Recession prompts rise of financial rationality. The downturn has prompted UK adults to get a grip on their day-to-day finances, as well as giving serious thought to their savings and pensions, finds Friends Provident. The Generation Recession Report, commissioned by Friends Provident and carried out by the Social Issues Research Centre, claims that the recession has come as a wake-up call for many, as people recognise that their lifestyles cannot be maintained permanently without greater financial security.
- Mail on Sunday — 05.08.2009.
Life passing you by? You're not alone as half of Britons admit they are stuck in a rut ... Half of Britons are so stressed out and fed up with the effects of the credit crunch they haven't taken on a fresh challenge for at least a year ... More than a third of those polled by the Oxford-based Social Issues Research Centre wished for a bit of variety to spice up their otherwise hum-drum lives. The survey found financial worries, family responsibilities and the fundamental fear of looking silly are stopping millions from making the most of life's opportunities. Dr Peter Marsh, the centre's co-director, said: "We British are a pretty unadventurous lot. Most of us are locked inside routine lives - we resist change and as a result let opportunities in all parts of our lives simply slip by."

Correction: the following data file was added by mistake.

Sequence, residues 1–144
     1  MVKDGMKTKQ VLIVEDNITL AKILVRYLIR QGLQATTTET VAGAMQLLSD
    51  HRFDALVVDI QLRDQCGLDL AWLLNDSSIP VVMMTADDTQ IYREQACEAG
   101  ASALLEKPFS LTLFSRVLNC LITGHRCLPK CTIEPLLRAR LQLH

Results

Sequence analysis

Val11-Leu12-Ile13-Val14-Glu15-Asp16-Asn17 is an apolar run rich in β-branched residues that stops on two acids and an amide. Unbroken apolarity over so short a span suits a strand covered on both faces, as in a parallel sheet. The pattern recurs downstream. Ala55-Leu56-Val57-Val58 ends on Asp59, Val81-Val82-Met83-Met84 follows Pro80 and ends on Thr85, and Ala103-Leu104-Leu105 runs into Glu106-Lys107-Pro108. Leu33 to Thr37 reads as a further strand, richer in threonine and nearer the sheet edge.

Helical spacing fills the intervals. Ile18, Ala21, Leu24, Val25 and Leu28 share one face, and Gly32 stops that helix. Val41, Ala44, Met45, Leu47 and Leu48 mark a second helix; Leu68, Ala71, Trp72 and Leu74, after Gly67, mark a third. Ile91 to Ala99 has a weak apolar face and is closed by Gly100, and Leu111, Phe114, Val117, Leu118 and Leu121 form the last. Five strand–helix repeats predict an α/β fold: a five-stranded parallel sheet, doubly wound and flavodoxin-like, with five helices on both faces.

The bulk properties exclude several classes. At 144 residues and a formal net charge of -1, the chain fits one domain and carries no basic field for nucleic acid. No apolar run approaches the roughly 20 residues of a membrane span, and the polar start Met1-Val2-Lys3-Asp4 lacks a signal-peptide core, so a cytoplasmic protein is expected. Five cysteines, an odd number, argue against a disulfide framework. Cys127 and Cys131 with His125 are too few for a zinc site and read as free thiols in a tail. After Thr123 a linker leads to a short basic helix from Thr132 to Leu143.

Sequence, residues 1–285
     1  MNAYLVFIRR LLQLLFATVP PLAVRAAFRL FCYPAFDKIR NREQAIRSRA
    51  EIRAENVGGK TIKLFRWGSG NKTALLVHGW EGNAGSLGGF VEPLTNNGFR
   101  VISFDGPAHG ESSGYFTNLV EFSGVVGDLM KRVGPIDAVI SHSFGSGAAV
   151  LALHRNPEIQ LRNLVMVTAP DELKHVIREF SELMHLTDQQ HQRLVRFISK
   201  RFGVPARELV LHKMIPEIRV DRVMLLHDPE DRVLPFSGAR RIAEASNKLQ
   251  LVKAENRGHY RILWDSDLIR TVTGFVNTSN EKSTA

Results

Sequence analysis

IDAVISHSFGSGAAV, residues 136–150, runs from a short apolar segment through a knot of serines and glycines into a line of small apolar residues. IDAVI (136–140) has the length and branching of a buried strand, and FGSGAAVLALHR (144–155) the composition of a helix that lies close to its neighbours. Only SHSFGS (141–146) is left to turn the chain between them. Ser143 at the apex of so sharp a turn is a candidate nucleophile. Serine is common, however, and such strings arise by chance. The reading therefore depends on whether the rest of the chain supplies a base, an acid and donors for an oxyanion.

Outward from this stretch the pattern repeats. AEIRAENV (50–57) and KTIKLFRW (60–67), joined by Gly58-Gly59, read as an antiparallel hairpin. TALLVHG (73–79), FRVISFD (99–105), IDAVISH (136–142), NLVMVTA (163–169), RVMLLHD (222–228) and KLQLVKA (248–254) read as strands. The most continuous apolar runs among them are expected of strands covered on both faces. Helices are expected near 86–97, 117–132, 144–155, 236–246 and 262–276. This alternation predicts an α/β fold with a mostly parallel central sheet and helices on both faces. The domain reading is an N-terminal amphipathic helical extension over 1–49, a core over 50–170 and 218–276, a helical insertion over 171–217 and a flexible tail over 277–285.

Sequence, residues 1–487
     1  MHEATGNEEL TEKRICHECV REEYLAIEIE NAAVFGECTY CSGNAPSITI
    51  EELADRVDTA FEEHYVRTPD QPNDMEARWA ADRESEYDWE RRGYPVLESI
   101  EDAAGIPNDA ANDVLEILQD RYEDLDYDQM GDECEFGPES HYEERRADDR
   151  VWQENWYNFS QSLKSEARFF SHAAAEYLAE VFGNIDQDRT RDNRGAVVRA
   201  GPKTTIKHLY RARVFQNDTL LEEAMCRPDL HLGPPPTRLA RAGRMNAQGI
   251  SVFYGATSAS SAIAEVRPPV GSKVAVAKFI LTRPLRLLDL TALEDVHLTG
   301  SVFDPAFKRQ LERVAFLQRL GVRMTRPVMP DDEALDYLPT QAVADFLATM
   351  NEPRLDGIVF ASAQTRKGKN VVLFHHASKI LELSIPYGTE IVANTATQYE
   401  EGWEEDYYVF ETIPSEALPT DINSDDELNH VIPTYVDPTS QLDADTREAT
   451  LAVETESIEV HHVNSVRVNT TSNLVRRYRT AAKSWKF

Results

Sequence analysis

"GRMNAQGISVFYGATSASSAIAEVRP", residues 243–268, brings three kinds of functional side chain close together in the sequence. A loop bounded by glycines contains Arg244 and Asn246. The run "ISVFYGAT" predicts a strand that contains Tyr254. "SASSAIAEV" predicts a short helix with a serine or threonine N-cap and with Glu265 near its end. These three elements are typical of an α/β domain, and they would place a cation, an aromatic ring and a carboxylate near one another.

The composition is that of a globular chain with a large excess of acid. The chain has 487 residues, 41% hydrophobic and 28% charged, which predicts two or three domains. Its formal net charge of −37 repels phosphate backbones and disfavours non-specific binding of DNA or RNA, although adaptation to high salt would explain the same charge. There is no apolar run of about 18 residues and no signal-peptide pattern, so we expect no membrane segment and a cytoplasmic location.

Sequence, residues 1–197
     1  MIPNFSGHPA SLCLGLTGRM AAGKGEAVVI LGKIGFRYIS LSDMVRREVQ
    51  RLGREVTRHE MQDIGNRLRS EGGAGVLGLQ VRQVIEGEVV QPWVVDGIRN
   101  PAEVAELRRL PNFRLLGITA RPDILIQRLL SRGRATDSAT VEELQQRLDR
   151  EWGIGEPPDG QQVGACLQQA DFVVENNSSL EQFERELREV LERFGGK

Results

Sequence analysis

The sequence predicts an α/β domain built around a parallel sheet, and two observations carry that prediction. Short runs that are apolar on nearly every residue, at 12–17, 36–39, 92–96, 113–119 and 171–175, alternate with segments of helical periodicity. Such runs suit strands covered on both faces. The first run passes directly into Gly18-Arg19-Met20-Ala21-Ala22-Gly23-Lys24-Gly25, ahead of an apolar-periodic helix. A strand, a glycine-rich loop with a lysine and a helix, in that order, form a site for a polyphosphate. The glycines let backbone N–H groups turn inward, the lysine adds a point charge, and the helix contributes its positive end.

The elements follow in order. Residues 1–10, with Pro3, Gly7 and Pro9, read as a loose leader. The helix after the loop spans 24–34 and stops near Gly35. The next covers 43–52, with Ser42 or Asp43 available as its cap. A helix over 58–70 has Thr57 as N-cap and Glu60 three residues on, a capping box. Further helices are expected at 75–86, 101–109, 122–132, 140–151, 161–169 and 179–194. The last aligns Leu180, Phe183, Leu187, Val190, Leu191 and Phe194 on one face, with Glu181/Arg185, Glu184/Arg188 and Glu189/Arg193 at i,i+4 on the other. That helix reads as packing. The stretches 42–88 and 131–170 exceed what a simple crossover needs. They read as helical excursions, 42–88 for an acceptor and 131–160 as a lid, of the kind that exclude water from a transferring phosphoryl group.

- Telegraph — 05.08.2009.
British are unadventurous. Fear of looking silly and the potential negative impact on family life were amongst the reasons given for the lack of adventure. One in six could not remember when or what the last new activity they tried was, found the research for The National Lottery. This is despite a third admitting they wanted more variety in their lives. The research, conducted by the Social Issues Research Centre, found around half of those questioned had not tried a new activity for a year or longer. It also explored why people were held back from making the most of opportunities presented.
- Scotsman — 05.08.2009.
Brits knock back opportunities. A sudy has today exposed Britons as being deeply unadventurous. Research for the National Lottery found that 48 per cent of those questioned had not tried a new activity for a year or longer and 17 per cent said they couldn't even remember when or what it was. This is despite 34 per cent of those quizzed admitting they wanted more variety in life. The research, conducted by the Social Issues Research Centre, also explored why people were held back from making the most of opportunities presented. Top of the list was financial concerns.